The Pomodoro Technique is a simple method of "time-boxing", which is where you allocate a fixed period of time to a planned activity.
The word pomodoro is the Italian word for tomato and and the time interval comes from the Pomodoro kitchen timer, which is shaped like a tomato.
The concept was created by Francesco Cirillo, now a consultant specialising in improving productivity and efficiency, and time management.
The discipline of time-boxing is helpful because it puts a finite limit on an activity and forces you to stop for a break when the preset time period is reached.
The basic premise of the Pomodoro Technique is to firewall your attention and focus for a small amount of time for doing your most productive work, and then mentally recharge after each interval of work.
The Pomodoro Technique works in 25-minute intervals. It is recommended that you work in blocks of 4 pomodoros. Once you get into the habit of working this way you can increase the time intervals to say 45 or 90 mins. To get started, all you need is a timer (also referred to as a Pomodoro) for this technique to work. Here are the steps:
That is all there is to it! So once you have established your task, set the timer for 25 mins and focus totally and exclusively on that task, and then take a short 5 minute break at the end of that period.
By setting this time constraint, many people find it liberating to know that they can focus on just one thing and then do other stuff once the fixed time period is over.
What Cirillo discovered was that having completed a (small) chunk of work, you start to build momentum, you feel more productive and this in turn leads to an accelerator effect as you get increasing amounts of the larger task completed.
Download Resource: Ebook by Francisco Cirillo
Going To The Gym
I only recently became aware of the pomodoro technique, but I am familiar with the idea of time-boxing and some years ago I devised a simple technique to make it easier for me to go to the gym several times a week.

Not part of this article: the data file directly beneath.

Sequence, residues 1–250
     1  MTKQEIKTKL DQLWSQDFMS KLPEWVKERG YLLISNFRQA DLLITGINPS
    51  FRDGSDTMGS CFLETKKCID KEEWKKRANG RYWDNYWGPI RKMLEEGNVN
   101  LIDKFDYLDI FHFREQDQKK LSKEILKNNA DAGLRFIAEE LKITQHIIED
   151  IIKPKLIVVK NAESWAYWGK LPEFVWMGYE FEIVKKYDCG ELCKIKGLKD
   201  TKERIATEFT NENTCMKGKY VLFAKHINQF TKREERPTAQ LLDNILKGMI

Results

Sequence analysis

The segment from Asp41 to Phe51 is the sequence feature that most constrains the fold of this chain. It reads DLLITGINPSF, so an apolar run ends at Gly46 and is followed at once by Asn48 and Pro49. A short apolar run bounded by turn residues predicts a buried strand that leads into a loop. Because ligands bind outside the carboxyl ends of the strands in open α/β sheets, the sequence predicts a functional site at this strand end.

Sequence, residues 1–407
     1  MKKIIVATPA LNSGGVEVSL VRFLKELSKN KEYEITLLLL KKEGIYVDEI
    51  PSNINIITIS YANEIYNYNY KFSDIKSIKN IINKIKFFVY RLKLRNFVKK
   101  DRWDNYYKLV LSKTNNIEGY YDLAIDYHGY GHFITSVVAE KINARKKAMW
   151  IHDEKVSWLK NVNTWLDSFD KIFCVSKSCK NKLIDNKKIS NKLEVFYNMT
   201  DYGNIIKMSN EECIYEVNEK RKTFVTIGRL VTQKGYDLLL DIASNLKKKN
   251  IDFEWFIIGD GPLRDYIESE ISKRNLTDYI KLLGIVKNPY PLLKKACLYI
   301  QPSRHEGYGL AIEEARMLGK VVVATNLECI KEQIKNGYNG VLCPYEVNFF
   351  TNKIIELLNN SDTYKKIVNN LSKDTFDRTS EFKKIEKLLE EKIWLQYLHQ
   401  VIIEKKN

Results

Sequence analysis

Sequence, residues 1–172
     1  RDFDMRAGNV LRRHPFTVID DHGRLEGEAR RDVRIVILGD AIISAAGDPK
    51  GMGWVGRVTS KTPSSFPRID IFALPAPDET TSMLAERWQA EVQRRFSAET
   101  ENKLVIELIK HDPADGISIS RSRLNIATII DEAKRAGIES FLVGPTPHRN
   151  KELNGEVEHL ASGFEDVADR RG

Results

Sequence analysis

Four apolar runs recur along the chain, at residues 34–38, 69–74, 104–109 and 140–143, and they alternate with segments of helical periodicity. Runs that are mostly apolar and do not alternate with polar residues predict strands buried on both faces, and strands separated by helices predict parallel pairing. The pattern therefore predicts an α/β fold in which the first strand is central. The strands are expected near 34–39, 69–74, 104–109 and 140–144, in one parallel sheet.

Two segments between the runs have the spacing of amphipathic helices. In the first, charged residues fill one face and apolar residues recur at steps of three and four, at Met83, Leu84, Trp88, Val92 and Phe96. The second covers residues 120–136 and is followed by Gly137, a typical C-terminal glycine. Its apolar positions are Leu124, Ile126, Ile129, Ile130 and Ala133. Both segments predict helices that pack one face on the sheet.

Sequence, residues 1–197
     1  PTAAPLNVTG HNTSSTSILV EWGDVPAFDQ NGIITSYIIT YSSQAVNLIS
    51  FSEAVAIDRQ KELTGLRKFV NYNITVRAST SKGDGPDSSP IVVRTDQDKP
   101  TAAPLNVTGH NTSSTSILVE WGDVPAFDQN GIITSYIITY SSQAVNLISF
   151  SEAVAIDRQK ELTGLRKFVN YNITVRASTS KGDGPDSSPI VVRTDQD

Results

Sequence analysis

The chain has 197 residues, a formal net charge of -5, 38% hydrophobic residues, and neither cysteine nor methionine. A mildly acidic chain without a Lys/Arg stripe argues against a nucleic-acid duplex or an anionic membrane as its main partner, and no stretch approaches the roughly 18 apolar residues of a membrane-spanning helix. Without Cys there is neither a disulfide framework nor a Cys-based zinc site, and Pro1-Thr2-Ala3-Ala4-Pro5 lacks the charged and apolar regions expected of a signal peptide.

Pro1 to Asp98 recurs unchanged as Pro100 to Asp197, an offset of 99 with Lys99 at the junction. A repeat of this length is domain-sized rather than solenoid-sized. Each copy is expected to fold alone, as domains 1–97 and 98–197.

Whilst I totally and genuinely bought in to the need for regular exercise and obvious benefits, I found it hard to maintain the commitment to go to the gym regularly.
The issue was time and way in which my mind used the pressure of time as an unconscious trigger to my resistance to making the effort to go to the gym.
Like most busy people I always have a lot to do, and if I am not careful a pressure of competing commitments that can stop me fulfilling some of those commitments.
The way this issue framed itself in my mind was the overwhelm of the sheer hassle and palaver of having to pack a kit bag, get down to the gym, spend 60-90 minute doing my exercises and weights, then the showering, changing and returning home - about 2 hours altogether. This routine was fine if/when I had little else to do, but it just didn't work when I was busy.
So inevitably I would postpone going to the gym because I didn't have time, and at the end of the month I would realise that I hadn't been to the gym more than once or twice.
So, I decided to "stream-line" my visits to the gym by changing and showering at home rather than at the gym. That worked to a point but not enough.
Next I decided that it was better to go to the gym for only 15-20 minutes 4 or 5 times a week rather than not at all. So I made a commitment to myself to just do these short sessions which I built around a number of core exercises and routines that gave best return on effort expended.
This worked well, and by month's end my gym attendance increased from about 60-90 mins [one visit] to about 300 mins/5 hours a month.
Clearly I am not an Olympic athlete, but this level of gym activity together with walking and other exercise has proved sufficient to keep me healthy.
Here are a number of touch points:
Return to: How To Think
- What if everything we think…
- Being better by doing things d…
- What if everything we think…